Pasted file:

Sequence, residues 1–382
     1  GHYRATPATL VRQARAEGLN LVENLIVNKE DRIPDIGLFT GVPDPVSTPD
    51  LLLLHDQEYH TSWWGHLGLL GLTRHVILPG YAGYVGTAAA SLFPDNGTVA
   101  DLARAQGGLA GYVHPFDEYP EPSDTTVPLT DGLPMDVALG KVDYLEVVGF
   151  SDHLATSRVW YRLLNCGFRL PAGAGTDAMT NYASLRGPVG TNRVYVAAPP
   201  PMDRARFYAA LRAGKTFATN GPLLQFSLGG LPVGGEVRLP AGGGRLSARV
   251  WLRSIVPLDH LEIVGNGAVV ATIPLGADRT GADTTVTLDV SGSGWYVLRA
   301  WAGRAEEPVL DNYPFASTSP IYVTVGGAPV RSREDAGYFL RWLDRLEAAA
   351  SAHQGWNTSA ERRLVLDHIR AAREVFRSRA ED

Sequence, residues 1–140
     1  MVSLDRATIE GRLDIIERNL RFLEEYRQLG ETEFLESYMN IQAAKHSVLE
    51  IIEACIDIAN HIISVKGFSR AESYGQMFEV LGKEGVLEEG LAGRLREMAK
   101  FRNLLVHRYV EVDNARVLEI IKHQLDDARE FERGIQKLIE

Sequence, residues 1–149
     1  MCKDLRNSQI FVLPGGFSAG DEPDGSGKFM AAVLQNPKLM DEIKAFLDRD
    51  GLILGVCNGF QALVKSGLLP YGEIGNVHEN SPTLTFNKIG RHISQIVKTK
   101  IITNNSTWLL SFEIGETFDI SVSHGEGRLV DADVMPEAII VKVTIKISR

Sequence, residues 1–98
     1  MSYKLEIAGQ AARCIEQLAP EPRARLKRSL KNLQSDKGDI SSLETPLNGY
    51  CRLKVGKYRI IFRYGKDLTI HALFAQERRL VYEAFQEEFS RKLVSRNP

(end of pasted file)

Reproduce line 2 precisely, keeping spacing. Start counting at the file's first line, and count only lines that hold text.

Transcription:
     1  GHYRATPATL VRQARAEGLN LVENLIVNKE DRIPDIGLFT GVPDPVSTPD